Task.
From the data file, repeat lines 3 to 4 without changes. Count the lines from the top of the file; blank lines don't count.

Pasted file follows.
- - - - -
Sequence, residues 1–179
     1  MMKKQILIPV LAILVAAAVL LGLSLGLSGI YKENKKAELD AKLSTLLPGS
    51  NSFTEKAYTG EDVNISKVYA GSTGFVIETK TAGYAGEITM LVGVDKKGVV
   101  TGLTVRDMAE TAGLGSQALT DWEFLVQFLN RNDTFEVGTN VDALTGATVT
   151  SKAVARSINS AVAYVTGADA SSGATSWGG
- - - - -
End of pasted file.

    51  NSFTEKAYTG EDVNISKVYA GSTGFVIETK TAGYAGEITM LVGVDKKGVV
   101  TGLTVRDMAE TAGLGSQALT DWEFLVQFLN RNDTFEVGTN VDALTGATVT